Agri land prices in modest recovery since May
After a drastic fall, agricultural land prices peaked again in Feb, almost matching the earlier peak. However, prices fell 20% by May and are showing signs of a modest recovery until July: IIM Ahmedabad-SFarmsIndia Agri Land Price Index (ISALPI)
- Latest data included over 7,000 observations spread across over 450 districts in 26 States/ UTs
- 1st tranche was limited to fewer States (MP, Gujarat, Rajasthan, Haryana, Kerala, Punjab, West Bengal and Chhattisgarh
- In 2nd tranche, top-7 States (Telangana, AP, Maharashtra, TN, Karnataka, UP and MP) represented over 85% of the listings
Mumbai: Prices of agricultural land in India peaked during February. During the second wave of Covid, prices plummeted to a new low during July-August of 2021. The fall amounted to nearly 24 per cent within six months, says a study by Indian Institute of Management -Ahmedabad.
On November 25, 2021, Dr Errol D'Souza, Director IIM-A, and Kamesh Mupparaju, CEO SFarmsIndia, signed an MoU to jointly maintain and update IIM Ahmedabad-SFarmsIndia Agri Land Price Index (ISALPI). The programming algorithm for the index development was ideated and first executed in 2022 by Prof Prashant Das, a Professor at IIM-Ahmedabad
Talking to Bizz Buzz, Prof Prashant Das says: "The index will continue to improve with the arrival of new data. In particular, its volatility pattern may appear different. Also, with more
geographically dispersed observations in the future, one should expect a more representative national level index. Of course, more granular series will have more use."
After a drastic fall, the prices peaked again in February, almost matching the earlier peak. However, prices fell 20 per cent by May and showing signs of a modest recovery until July, says the findings of ISALPI, which is a 'constant-quality' agricultural land price index for India.
The study is supported by the Misra Centre for Financial Markets and Economy at IIM Ahmedabad. SFarmsIndia, a Hyderabad-based peer to peer marketplace for agricultural lands, provides data for index development. The second release of ISALPI is now published. The
district ranks are updated.
The latest tranche of data included over 7,000 observations spread across over 450 districts in 26 States/Union Territories (UTs). Compared to the first tranche, where the data was limited to fewer States, this time there was a sizeable representation from Madhya Pradesh, Gujarat, Rajasthan, Haryana, Kerala, Punjab, West Bengal, and Chhattisgarh.
In the second release, the top seven States (Telangana, Andhra Pradesh, Maharashtra, Tamil Nadu, Karnataka, Uttar Pradesh, Madhya Pradesh) represented over 85 per cent of the listings. The next six states (Gujarat, Rajasthan, Haryana, Kerala, Punjab and West Bengal) represented additional 10 per cent of the data. With superior data coverage, more geographic granularity is desirable.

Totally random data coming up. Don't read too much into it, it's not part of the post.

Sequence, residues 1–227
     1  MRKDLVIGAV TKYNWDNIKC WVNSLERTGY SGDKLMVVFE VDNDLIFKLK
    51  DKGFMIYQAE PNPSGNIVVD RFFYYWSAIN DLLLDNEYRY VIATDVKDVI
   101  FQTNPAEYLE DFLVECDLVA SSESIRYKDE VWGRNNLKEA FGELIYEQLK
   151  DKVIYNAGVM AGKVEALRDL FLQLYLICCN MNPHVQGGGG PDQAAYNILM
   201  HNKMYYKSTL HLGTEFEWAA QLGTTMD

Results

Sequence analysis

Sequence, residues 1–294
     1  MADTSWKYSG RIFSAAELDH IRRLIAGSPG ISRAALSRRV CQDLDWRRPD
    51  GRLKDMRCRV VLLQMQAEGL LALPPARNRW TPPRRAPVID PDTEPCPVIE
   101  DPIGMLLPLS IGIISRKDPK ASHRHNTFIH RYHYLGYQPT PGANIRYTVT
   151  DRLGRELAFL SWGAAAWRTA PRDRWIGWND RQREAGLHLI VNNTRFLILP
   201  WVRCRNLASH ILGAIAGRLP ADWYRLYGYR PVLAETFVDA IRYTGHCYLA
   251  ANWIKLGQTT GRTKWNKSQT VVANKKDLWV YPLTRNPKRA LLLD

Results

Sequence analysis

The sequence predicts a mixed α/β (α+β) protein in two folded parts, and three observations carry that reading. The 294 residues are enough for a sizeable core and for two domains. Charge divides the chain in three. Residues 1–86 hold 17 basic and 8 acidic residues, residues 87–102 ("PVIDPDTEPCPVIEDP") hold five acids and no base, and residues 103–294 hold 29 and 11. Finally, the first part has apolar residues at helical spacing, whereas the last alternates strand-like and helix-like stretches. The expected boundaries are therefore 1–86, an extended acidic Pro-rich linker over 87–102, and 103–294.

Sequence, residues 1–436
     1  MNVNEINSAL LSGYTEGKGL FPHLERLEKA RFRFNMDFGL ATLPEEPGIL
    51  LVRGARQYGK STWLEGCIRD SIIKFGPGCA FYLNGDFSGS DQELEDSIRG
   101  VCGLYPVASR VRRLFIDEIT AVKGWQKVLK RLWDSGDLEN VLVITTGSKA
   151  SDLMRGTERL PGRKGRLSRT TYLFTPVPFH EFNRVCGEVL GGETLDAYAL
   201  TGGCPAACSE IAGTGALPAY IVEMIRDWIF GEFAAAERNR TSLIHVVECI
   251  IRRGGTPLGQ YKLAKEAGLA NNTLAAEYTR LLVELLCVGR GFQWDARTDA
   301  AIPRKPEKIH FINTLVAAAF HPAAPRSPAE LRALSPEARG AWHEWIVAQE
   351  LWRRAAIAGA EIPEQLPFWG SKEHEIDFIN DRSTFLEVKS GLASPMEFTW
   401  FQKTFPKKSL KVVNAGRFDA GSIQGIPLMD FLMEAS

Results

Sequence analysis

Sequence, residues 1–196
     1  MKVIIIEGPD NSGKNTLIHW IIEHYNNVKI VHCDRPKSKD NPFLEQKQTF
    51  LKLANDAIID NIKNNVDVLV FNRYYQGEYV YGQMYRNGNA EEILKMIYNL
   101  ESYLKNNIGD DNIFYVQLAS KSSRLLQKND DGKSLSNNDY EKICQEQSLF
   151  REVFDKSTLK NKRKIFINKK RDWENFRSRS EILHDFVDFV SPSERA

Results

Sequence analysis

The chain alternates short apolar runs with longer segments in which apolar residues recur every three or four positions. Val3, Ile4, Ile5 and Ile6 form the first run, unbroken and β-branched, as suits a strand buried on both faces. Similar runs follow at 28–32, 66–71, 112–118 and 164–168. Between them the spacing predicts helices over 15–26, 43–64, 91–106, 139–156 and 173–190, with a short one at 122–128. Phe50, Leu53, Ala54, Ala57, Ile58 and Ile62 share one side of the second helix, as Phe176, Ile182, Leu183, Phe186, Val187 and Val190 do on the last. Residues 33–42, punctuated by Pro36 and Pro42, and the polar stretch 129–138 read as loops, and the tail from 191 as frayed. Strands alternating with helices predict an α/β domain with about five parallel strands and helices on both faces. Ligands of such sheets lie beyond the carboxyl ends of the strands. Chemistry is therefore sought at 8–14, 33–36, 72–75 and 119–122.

The index should be of interest to existing agri-land owners, prospective buyers, financiers, policymakers, local governments, environmentalists, and agri-entrepreneurs. Existing landowners may use the index to assess how the valuation of their holdings has evolved over time. Sellers and buyers could use this information to assess the historical risk and return and predict these metrics for the future to prudently decide on their buying/selling decision. ISALPI may be useful in reducing litigation cost in some situations, when agri-land is acquired for public use (like highway) or private interests like a manufacturing facility) by informing the price movements over time.
Uncertainty in price movements may increase the cost of financing or insuring the underlying assets. The transparency offered by the land price index may not only reduce the landowners' underwriting costs, the financial market products (insurance, mortgage, etc.) the availability and cost of financial products will also improve, says the study.
Researchers could use this information to study how economic events and factors are associated with price movements in a specific asset class. Benchmarking land price movements in rural or semi-urban areas to a standard land price index will signal the potential conversion of agricultural land into real estate. Policymakers may use it to modulate their policies.
ISALPI provides a big picture idea of how the agriculture land prices are evolving in India. The price index levels in January 2019 are standardized at 100. If the index moves up by 25 points within a year, this implies that on average, agriculture land has appreciated by 25 per cent between these twelve months, Prof Das explained.
ISALPI provides a big picture idea of how the agriculture land prices are evolving in India and focuses solely on capital appreciation. The discount rate estimate must also include the projected income yield from the crops (or farmland rental). Usually, this yield is small and varies in the range of 1-2.5 per cent per year.
The index will continue to improve with the arrival of new data. In particular, its volatility pattern may appear different. Also, with more geo-graphically dispersed observations in the future, one should expect a more representative national level index. Of course, more granular series will have more use.
- Prof Prashant Das, Professor, IIM-Ahmedabad